2. I am always amazed at what you do and for so little cost! The AirBNB’s seem to be much more reasonably priced than the ones we have stayed at. And using public transportation is definitely so much more cost effective (especially with a family!) I’m hoping we can do some of these trips at a time when it isn’t so crowded and when the temperatures aren’t so high (like you said – it would have been tough hiking!) Looking forward to the next part!

    1. We booked the airbnbs 6 months ahead of time so we got first pick of the lowest cost inventory. Spain was especially cheap compared to most of the rest of the trip.

  3. I’ve run into similar produce rules while traveling. Nothing like getting scolded for picking out your fruit. But checking out local grocery stores is one of my favorite travel activities.

    1. Agreed. We currently live in China where picking out fruit is a very hands-on process of pick up, feel, put back, repeat. Just got back from Italy where you are supposed to put on a plastic glove before touching any produce. Who knew, until you get scolded? It’s all part of the learning experience I guess.

    2. It’s interesting for sure. Spain and Italy both seemed to have hang ups on the fruit-touching. I saw a funny sign in a grocery store in Seville that explained the process of picking up fruit, inspecting it, weighing it if you would like to measure what you’re getting, then bagging it yourself. I guess the tradition of having the fruit lady pick it out and bag and price it for you was so pervasive that people had never encountered the kind of unstaffed produce section seen in this store (and what we see virtually everywhere in the US, Canada, Mexico and most of the rest of the world!).

  4. I’m really enjoying reading about your summer travel adventure.

    I also just saw a very interesting picture of you Justin or should I call you Mr Simmons on Mr 1500’s post this morning! Good luck in the “race” to 2M. I hope you both achieve 2M simultaneously!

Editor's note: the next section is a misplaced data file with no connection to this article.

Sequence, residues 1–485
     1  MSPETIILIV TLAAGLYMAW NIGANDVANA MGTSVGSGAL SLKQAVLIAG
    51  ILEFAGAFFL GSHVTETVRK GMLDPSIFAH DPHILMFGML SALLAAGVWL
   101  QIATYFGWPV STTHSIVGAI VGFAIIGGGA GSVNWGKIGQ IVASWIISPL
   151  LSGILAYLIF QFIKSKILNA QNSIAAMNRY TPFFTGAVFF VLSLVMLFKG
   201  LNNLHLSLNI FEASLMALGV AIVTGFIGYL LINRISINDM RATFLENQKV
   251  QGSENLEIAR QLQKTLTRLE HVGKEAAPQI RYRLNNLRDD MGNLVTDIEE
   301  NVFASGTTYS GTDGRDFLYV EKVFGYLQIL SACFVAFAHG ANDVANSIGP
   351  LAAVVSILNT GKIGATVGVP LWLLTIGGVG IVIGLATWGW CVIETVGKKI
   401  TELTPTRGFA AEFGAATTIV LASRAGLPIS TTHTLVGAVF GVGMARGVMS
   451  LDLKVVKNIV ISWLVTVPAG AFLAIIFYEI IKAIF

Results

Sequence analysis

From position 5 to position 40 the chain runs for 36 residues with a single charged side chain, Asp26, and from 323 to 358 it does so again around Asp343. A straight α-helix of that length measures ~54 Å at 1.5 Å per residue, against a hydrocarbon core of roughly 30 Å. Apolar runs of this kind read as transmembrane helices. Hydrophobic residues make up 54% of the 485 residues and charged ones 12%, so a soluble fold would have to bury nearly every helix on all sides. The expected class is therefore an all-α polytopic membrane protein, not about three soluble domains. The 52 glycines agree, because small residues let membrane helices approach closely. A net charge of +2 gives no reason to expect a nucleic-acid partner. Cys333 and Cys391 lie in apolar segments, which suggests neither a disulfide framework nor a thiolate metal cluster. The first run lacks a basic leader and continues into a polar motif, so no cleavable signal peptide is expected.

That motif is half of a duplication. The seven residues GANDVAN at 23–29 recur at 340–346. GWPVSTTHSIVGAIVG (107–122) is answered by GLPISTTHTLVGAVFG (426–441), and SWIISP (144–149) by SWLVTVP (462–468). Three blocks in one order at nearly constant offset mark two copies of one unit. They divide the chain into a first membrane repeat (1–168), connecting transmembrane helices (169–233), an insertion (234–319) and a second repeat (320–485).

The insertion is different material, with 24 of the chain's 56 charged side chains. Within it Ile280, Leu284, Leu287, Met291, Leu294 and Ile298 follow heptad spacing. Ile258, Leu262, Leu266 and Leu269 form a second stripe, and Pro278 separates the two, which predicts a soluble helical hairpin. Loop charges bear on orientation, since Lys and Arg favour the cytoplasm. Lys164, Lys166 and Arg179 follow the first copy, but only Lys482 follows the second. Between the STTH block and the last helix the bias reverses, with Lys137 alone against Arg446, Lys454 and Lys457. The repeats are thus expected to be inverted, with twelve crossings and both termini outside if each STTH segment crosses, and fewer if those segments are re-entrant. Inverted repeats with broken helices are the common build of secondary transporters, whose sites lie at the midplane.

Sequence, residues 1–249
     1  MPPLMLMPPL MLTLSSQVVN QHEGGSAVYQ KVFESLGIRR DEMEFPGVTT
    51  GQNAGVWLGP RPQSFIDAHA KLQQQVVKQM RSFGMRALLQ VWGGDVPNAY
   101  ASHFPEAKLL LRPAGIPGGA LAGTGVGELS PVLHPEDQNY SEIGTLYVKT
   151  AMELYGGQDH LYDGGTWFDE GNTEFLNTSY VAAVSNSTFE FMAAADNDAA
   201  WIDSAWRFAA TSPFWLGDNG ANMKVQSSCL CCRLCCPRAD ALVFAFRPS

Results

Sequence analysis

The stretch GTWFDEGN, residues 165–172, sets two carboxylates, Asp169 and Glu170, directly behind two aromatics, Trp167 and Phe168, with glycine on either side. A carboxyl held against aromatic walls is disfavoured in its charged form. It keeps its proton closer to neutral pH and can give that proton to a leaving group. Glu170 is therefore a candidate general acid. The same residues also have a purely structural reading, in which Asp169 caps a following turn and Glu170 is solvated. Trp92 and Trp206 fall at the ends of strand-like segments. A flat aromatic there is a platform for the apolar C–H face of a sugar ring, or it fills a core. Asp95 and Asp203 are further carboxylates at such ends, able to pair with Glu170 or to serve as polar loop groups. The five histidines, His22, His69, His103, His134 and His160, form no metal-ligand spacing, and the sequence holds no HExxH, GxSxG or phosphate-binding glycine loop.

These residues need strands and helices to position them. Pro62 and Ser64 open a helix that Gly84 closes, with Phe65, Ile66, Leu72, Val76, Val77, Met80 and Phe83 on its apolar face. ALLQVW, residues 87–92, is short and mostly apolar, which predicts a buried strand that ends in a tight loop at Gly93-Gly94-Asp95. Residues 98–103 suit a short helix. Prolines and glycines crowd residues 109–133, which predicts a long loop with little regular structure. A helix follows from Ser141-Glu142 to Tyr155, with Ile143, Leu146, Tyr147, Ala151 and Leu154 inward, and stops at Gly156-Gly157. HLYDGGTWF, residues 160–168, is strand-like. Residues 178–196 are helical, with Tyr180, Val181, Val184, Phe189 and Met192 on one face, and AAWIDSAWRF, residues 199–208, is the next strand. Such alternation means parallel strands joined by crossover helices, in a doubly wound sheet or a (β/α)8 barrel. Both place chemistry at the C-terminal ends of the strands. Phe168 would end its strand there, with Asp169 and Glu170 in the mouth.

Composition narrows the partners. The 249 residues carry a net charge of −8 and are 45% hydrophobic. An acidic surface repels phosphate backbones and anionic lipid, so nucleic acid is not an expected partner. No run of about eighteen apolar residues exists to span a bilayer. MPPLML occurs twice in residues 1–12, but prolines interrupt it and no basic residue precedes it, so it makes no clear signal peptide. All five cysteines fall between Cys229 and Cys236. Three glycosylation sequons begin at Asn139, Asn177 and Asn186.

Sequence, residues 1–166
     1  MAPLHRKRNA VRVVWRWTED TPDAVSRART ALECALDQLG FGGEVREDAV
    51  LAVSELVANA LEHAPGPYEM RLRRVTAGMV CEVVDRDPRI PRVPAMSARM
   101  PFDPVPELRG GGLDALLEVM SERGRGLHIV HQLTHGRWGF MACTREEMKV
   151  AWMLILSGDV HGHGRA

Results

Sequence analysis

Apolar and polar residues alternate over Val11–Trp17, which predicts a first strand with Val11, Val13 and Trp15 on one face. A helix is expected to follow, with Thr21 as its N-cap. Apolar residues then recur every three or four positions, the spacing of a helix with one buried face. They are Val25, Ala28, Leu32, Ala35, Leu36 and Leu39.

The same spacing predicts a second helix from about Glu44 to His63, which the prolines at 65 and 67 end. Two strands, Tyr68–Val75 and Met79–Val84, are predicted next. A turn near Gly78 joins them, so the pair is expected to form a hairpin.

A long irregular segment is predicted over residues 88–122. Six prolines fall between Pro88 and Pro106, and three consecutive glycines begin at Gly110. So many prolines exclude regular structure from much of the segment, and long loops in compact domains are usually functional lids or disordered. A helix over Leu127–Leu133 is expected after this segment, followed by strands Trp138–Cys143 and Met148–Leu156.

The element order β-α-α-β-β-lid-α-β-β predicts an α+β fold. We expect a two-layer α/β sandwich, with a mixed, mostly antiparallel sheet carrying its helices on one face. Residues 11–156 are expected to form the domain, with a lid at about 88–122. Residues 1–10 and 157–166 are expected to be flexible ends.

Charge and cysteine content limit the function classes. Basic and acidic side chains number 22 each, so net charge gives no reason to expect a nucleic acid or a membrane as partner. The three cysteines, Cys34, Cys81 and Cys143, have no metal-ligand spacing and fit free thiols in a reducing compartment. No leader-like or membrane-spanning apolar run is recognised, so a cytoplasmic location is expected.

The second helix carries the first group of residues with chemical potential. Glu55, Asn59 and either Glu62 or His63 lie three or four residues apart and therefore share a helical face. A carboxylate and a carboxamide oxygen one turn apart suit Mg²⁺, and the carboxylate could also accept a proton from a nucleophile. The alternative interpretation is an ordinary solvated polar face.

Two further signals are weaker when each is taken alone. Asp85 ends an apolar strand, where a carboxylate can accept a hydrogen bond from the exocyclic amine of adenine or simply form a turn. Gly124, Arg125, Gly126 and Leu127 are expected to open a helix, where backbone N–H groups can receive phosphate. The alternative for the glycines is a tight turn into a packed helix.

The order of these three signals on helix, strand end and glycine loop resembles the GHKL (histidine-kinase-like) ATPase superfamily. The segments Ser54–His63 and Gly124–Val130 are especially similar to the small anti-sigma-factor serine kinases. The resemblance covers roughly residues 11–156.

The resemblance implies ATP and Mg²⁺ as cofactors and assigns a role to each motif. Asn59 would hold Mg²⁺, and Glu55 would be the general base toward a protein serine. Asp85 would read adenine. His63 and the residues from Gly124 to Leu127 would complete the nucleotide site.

5. These posts are fantastic. Thank you for sharing the ins and outs with us! My wife and I have plans for a week in Berlin and another week TBD somewhere in Europe next year, and this is giving me some wonderful ammunition toward a warm Spanish-speaking destination.

  6. Looks beautiful! Having been to Portugal in the summer I can definitely say that covered roadway is awesome. It can be hard to find shade at certain times and being in the sun for a long period isn’t very comfortable. Shopping in the shade is a nice luxury.

  7. What a great trip. Looking at your pictures, I was thinking that La Alhambra and those gardens and fountains looked an awful lot like the kingdom of Dorne from the Game of Thrones TV show. Google-fu confirmed that to be fact. It was indeed the filming location for the show. Very exciting.

    1. I think the garden scene of Dorne that you’re thinking of was actually filmed at the Alcazar in Seville (our next stop, and hence the next post!). Looks remarkably similar though, and I think the Alcazar could stand in for Alhambra if you can’t make it the 3 hr bus ride east to Granada from Seville.

  8. Great trip report RoG! I love all the photos! We might just have to visit there some day.

    Our family is currently touring around Japan, and I gotta say — This slow travel stuff is great!

    1. Hope the trip is going well! Looking forward to any trip updates from Japan! I’d love to visit but wouldn’t want to do it in the middle of summer when it’s the hottest. I hear all about the heat there from our Japanese friend/neighbor who spends every summer back home near Tokyo.